Author: M.C Beaton
Protagonist: Agatha Raisin
Other Character(s): Mary Fortune, James Lacey, Bill
Synopsis: Agatha returns to her small town from a holiday to find James, her neighbor and secret crush, having a relationship with the newcomer, Mary Fortune. Much to Agatha’s dismay, it seems that everyone loves her and she too eventually grows fond of her. As the Garden Day competition slowly comes to the little village, small petty crimes has been occurring: Roses being uprooted, fishes dying, etc. Then a body is found hanging upside down in a potted vase. The village is left shocked and uncertain of who could have done such a heinous act of violence.
Review: The first time I read Agatha Raisin I fell in love with the characters, the setting and the narration. So far I’ve been only listening to the audiobook, and I love every minute of it. I especially enjoyed the first two since it’s the BBC radio drama special. The third book, however, is just regular audio, but I’m not complaining since the narrator is the same person, just minus all the special sound effects.
Now onto the actual story. As most cozy books, I usually get to tell who the murderer is before the final reveal, here I’m sad to say I was clueless. I’m not really sure if the reason is because the killer is well hidden, or I just listened to the audio while partially asleep and exhausted from travelling. Either way, the killer was unexpected in my part.
Leading up to the actual climactic part of the story, meaning the death of the victim, I really enjoyed reading about the small stories of the different characters that Beaton introduces in this book. I always enjoy cozies that dig deeper into the stories of other characters besides the protagonist. I’m not saying that Agatha is not a worthy one, but learning more about her neighbors and her surrounding is just as enjoyable. Speaking of protagonists, Agatha is fast becoming one of my favorites. She’s spunky, and easy to voice out her opinions but at the same time she is kind and willing to defend her friends. She’s very temperamental, but that just adds to her charm. I especially like how the narrator makes her sound standoff-ish and yet she’s being kind to people, giving them gifts from her travels. The one character that did standout in this book is Mary, not in a good way. In all honesty, she is way too nice for a real person that it can’t all be genuine. Plus, the readers really do get to see her true colors when Beaton adds small tidbits of the other characters thoughts.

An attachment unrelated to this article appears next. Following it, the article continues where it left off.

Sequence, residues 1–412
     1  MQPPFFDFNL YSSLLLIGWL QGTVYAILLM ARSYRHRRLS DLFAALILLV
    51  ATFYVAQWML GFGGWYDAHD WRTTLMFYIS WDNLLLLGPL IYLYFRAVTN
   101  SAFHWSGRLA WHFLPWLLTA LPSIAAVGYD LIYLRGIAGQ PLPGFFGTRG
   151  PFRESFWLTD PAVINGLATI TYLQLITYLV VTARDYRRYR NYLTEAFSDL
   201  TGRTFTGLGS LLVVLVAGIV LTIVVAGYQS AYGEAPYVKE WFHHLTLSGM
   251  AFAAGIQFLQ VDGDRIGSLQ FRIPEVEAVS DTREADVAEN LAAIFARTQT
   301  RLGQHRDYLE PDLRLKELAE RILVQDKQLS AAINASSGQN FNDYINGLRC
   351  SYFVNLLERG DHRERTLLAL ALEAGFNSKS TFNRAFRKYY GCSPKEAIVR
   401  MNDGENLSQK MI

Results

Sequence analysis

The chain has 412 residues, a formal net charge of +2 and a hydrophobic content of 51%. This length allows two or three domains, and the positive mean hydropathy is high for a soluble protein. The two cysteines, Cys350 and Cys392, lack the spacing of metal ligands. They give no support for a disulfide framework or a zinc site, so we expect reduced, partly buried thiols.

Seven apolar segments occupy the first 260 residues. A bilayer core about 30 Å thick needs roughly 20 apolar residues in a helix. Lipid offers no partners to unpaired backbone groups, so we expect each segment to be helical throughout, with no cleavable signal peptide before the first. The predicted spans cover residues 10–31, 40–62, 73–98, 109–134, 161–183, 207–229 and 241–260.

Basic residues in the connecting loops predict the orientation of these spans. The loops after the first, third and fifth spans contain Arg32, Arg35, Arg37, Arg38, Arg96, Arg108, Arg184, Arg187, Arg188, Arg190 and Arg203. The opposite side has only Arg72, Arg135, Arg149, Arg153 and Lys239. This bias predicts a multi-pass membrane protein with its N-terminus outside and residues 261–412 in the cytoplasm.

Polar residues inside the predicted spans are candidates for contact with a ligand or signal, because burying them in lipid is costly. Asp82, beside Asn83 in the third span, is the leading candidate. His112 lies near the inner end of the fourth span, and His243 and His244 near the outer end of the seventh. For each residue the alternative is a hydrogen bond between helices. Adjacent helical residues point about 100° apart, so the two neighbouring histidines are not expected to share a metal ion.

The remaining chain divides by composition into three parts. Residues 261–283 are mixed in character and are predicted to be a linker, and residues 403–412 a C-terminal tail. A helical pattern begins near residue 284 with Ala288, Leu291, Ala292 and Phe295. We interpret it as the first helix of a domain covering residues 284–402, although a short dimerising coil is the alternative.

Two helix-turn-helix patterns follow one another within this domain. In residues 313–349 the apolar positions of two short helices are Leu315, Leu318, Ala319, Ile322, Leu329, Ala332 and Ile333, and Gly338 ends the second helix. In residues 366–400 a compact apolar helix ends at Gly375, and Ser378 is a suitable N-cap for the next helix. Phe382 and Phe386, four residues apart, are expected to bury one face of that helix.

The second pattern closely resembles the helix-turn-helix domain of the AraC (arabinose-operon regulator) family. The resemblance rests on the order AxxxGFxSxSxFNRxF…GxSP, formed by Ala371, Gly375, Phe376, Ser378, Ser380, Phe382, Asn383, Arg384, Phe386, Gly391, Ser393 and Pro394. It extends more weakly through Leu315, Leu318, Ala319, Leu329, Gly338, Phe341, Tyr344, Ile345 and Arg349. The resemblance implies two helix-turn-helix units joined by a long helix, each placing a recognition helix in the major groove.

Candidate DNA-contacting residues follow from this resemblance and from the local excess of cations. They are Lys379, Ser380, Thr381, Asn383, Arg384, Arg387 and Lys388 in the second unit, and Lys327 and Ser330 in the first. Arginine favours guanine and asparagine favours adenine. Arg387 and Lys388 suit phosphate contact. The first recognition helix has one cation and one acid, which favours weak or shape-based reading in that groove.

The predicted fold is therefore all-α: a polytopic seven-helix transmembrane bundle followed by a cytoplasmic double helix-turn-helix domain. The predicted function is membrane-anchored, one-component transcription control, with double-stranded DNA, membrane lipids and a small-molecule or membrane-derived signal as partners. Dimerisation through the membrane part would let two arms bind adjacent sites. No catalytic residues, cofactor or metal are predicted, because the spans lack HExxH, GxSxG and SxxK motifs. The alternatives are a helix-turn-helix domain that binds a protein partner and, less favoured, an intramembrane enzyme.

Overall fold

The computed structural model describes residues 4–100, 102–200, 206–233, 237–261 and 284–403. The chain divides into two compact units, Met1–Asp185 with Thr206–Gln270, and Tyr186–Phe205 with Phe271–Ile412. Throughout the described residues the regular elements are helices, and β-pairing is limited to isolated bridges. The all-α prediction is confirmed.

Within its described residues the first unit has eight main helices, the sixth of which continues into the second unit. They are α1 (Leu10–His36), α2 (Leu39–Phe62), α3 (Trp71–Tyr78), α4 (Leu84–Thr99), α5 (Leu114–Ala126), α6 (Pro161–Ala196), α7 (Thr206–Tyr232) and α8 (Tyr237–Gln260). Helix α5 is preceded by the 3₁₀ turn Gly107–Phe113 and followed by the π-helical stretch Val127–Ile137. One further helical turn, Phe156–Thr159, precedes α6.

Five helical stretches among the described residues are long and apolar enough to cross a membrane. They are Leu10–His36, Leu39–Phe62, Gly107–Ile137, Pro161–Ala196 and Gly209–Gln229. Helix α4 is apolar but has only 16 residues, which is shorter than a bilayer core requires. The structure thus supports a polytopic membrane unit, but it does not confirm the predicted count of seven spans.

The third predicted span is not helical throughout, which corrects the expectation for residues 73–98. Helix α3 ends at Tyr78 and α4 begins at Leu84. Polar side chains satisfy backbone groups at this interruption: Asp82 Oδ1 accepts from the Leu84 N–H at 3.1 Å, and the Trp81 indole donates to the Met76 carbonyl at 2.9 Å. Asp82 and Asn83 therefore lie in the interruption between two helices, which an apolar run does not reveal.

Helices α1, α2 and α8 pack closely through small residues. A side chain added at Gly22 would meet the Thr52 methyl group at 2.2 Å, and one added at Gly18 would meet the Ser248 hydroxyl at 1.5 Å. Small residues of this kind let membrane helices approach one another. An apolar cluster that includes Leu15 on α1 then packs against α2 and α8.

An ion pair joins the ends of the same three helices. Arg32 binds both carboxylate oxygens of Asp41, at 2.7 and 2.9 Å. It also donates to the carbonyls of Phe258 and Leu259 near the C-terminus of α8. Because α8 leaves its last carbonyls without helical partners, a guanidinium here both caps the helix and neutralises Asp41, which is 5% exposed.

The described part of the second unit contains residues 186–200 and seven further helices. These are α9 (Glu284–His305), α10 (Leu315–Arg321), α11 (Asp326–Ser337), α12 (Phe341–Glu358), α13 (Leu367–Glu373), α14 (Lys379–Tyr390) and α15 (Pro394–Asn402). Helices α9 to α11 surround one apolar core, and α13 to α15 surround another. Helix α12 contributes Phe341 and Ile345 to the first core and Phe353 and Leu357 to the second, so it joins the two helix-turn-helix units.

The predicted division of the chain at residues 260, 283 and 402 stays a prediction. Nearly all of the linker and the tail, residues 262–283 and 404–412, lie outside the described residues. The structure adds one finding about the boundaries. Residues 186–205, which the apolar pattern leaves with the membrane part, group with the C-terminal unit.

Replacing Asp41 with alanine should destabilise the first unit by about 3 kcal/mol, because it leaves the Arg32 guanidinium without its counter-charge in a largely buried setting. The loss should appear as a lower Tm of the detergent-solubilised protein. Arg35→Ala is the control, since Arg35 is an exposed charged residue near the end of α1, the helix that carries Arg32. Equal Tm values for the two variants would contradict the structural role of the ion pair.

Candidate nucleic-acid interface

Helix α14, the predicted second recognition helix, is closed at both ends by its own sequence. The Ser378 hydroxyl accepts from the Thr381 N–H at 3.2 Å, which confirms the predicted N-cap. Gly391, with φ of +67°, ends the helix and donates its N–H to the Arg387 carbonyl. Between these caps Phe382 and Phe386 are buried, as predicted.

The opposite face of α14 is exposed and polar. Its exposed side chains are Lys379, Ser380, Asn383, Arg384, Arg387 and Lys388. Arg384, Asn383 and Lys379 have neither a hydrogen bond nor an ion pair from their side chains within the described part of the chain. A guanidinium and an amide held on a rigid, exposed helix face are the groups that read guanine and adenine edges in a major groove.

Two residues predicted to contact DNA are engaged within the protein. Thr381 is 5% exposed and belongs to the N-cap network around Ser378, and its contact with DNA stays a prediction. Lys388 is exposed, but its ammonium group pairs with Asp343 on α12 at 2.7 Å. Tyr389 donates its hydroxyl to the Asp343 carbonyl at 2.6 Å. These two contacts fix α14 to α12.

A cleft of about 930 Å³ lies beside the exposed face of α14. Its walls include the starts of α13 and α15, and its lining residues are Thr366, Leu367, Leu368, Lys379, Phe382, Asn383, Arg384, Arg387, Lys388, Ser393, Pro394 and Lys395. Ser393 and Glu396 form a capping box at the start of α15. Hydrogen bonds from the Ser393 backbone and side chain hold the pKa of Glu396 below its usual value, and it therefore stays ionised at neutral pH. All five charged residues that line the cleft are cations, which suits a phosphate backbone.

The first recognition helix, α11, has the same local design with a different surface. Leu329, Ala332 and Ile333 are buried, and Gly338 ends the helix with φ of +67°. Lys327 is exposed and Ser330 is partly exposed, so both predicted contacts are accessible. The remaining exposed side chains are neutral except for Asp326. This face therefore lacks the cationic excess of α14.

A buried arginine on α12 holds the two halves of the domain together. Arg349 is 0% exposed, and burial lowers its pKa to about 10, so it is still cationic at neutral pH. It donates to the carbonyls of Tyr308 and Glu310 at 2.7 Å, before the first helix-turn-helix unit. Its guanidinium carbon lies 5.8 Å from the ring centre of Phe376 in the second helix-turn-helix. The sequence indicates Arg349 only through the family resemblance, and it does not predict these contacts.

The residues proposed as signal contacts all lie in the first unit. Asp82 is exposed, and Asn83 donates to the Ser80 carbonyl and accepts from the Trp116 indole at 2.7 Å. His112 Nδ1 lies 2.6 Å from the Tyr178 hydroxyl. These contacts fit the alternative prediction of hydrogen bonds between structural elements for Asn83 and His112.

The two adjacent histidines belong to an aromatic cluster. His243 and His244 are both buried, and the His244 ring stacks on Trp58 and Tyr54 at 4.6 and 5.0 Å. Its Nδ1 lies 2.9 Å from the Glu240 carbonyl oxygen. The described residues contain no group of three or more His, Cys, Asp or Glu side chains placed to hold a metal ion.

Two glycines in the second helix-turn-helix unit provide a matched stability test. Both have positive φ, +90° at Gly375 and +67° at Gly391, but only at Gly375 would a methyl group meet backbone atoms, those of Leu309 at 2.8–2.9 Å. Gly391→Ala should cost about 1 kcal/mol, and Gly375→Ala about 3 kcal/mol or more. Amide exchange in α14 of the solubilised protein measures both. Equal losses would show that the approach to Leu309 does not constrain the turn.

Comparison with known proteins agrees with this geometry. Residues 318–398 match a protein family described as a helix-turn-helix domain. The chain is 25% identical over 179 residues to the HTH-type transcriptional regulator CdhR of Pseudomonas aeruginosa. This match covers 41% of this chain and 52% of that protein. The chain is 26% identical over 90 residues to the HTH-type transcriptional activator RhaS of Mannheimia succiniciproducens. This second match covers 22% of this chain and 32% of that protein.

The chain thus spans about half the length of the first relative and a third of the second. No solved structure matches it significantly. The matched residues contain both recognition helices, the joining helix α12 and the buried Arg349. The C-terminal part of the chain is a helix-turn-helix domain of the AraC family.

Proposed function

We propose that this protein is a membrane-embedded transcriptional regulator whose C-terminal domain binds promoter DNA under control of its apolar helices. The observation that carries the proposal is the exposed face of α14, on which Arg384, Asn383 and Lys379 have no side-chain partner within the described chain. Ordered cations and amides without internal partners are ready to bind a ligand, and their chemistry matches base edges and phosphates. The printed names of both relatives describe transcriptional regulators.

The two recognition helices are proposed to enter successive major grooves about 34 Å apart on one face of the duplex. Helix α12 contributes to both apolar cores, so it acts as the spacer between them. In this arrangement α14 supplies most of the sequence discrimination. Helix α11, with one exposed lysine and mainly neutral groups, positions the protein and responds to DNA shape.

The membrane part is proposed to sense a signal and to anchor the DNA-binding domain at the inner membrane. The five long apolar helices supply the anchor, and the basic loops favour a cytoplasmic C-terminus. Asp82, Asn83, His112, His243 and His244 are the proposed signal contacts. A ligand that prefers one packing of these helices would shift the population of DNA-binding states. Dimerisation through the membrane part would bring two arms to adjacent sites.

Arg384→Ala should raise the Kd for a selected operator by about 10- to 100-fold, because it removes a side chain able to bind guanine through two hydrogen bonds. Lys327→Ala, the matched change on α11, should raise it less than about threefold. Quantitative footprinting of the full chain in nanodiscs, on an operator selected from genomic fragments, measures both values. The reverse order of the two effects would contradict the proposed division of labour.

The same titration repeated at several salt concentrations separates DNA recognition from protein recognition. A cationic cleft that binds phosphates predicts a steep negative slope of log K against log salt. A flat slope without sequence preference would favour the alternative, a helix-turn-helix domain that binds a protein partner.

As for the whole killing ordeal in this book I think it’s very interesting how the author wrote it. The way the victim was killed off was really creepy and a little disturbing. There’s no gory details, but to put someone’s body in such a humiliating way is a little uncalled for. It’s an interesting read, but just a little different from the common deaths of other cozy mysteries.
I think in terms of ‘cliched cozies’, Beaton’s Agatha Raisin is trying to veer away from it. There are instances that are similar to other cozies, but the differences is very much apparent and obviously welcomed. This series, for me, is getting better and better. Hopefully its standards will be continuous and not conform to the other cozies.
Ending: I’m not sure if it’s evident in my review, but the person who gets killed is obviously Mary Fortune. Although she appears to be a saint, upon her death stories arise of her actually being a cruel person. At one point she told one of the villagers that they are dull and dowdy. When trying to better themselves, Mary laughed at her face. Those that preyed victim to her verbal abuse kept it hidden because it seems like everyone loves her and so they kept their mouth shut.
After her death we also learn that she was suffering from depression and could have been the cause of her vile actions. Nothing was confirmed, but only speculated.
Not so obvious to me, the killer was the guy who’s fishes got killed. Unfortunately, I forgot his name, blame it to old age. Falling victim to Mary’s charm, she flirted and ‘seduced’ him, only to be shut down when he asked her to dinner. It is also believed that Mary was the perpetrator that inflicted the small crimes in the community. Therefore, the killer of the goldfishes is none other than Mary, who’s fishes belongs to the said man. So, to avenge both himself and his goldfishes, who he treated as family, he killed Mary without remorse.